Nautilus Article: Remember Rebecca

This article was published in the Nautilus International telegraph vol. 44 no. 11 November 2011 on page 25. Lost at sea, Search continues for missing Disney Cruises youth worker

Remember Rebecca

Following their appeal for help in last month’s Telegraph, the family of missing cruise worker Rebecca Coriam sadly seem to be no nearer to getting answers about her disappearance. But while they wait for information from the authorities, they have been tirelessly campaigning to improve personal safety and raise the standard of criminal investigations in the cruiseship sector.

A youth worker onboard the Disney Wonder, Rebecca Coriam disappeared from the vessel off the Mexican coast in the early morning of 22 March this year. Nothing appears to be known about what happened to her. An investigation is underway by the Bahamas, the vessel’s flag state, but the Coriam family have concerns about the way this is being conducted — and have become increasingly disturbed by the way crimes at sea are handled by the industry.

‘Cruiseships are mini-cities, but only one policeman is assigned to deal with all the 59 vessels under the Bahamas flag, and that’s not even his whole job,’ said Rebecca Coriam’s uncle PeterLancashire. Rebecca’s parents Mike and Ann were also surprised to be presented with the possessions their daughter left on the ship, wondering why these were not being retained to form part of the investigation.

In their effort to get justice for Rebecca, the Coriam family have been faced with the bewildering array of laws and jurisdictions which complicate any crime investigation at sea, and they have been shocked to learn about the high frequency of assaults, rapes and suspicious deaths onboard cruiseships.

The family turned to the International Cruise Victims Association for support, and have become strong advocates for the Association’s campaign for the UK and EU to adopt legislation equivalent to the US Cruise Vessel Security and Safety Act 2010. ‘We’re still looking for answers,’ says Mr Lancashire, ‘but there isn’t that much we can do while the case is under investigation in the Bahamas, so while we wait, we’re trying to get laws changed in Rebecca’s memory.’ The US Vessel Security and Safety Act  2010 applies to all cruiseships carrying over 250 passengers on international voyages which embark or disembark passengers in any US port.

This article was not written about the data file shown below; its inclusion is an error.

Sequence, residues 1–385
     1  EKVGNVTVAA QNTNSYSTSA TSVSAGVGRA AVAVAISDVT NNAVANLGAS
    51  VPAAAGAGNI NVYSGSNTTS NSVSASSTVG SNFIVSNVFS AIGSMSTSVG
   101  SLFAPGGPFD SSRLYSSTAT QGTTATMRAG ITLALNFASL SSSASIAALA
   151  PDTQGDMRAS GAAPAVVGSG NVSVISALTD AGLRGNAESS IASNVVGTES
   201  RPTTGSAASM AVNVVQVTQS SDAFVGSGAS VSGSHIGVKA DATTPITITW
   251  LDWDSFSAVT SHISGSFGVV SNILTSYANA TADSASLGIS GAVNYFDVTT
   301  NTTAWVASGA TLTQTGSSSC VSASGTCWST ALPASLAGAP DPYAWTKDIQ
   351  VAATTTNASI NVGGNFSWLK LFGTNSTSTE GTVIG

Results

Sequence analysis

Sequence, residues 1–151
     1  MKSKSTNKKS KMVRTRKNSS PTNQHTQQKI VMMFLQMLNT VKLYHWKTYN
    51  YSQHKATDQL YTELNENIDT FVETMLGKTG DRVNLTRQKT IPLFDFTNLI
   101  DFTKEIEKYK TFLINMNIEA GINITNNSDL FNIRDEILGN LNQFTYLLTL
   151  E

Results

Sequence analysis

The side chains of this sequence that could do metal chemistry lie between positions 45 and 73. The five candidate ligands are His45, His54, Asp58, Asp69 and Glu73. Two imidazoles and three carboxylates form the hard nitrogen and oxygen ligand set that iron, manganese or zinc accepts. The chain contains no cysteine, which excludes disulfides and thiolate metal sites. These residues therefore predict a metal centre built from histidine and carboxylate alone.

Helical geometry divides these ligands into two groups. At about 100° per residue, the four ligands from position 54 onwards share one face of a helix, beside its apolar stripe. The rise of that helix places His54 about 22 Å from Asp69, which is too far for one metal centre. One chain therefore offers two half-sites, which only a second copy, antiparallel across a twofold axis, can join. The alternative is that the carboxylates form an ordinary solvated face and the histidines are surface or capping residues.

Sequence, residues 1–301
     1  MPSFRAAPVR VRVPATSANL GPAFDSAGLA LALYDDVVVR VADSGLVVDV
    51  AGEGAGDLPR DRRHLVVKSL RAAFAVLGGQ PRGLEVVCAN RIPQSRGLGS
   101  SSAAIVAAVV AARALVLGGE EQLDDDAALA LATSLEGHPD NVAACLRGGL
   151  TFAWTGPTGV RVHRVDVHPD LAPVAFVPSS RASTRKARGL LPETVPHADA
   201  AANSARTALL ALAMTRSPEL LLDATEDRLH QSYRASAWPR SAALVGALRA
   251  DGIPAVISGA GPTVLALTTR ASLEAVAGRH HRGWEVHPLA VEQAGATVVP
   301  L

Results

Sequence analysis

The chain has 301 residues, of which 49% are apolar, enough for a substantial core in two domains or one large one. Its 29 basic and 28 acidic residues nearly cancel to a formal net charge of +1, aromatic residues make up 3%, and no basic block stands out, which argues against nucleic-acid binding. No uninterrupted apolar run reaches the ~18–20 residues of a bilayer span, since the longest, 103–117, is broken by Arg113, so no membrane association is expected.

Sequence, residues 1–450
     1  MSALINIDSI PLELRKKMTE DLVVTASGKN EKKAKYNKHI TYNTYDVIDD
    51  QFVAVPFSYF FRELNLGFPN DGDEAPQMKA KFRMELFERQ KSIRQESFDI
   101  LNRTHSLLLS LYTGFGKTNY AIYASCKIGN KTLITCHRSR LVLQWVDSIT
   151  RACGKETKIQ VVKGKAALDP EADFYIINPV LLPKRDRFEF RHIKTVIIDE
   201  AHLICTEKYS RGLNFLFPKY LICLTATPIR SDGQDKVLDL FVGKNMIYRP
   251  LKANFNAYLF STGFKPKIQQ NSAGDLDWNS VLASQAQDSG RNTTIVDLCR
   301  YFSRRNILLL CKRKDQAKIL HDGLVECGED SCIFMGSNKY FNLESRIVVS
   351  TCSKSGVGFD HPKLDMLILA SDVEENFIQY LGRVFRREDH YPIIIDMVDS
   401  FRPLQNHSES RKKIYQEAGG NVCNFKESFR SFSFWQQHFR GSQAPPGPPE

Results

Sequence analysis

Vessels are required to:

  • have visitor identification peepholes on cabin doors
  • set the minimum deck rail height at 42 inches
  • have information packs on how to report a crime
  • have examination kits for alleged rape victims onboard, as well as medication to prevent sexually transmitted diseases
  • train medical staff to deal with assaults
  • provide confidential access to sexual assault helplines
  • keep a log of all shipboard crimes and immediately report serious incidents to the FBI or US Coast Guard
  • have at least one crew member certified in maritime crime scene preservation

The International Cruise Victims Association was instrumental in getting the Act adopted in the US, and is optimistic about persuading the UK and EU to follow suit. In addition, there are numerous other crime prevention measures that should been forced or introduced, says Association spokesman Mike Groves. ‘We know there are consistent breaches of ILO regulations onboard cruiseships,’ he points out, ‘and in Rebecca’s case, it seems that they didn’t even stop the ship, as required under SOLAS. And why aren’t cruise companies doing CRB [Criminal Record Bureau] checks for employees who will be working with children, as they would in the UK?’

It is difficult to be sure exactly how many of the crimes that take place at sea are being reported or recorded, continues Mr Groves, but figures from the investigative website http://www.cruisejunkie.com suggest that a crew member or passenger goes missing from a cruiseship as frequently as once every two weeks, with a serious sexual assault taking place once a week.

Action is clearly needed, and both Mr Groves and the Coriam family are appealing for help from all quarters. At a meeting early last month with the family, UK shipping minister Mike Penning was said to be sympathetic, but did not give a firm commitment to back a British version of the US Cruise Vessel Security and Safety Act 2010.

The Coriams’ MP Stephen Mosley has been supportive, and a meeting has been arranged with shadow transport secretary Maria Eagle. Efforts are also being made to get the Bill onto the legislative agenda for the European Parliament.

 

Can you help?

  • If you think you may have seen Rebecca Coriam since she disappeared on 22 March, please call +44 (0)7747 359 968 and leave a message with your contact details, or email help@rebecca-coriam.com.
  • If you are a UK national, please add your signature to the official petition calling on the government to introduce a Cruise Vessel Security and Safety Act. If the petition reaches 100,000 signatures, the government will be obliged to put a Bill before Parliament. See http://epetitions.direct.gov.uk/petitions/1061.
  •  There is also a petition urging action from the EU at http://www.ipetitions.com/petition/eucruisesafety/.
  • For more information, see www.rebecca-coriam.com and http://www.internationalcruisevictims.org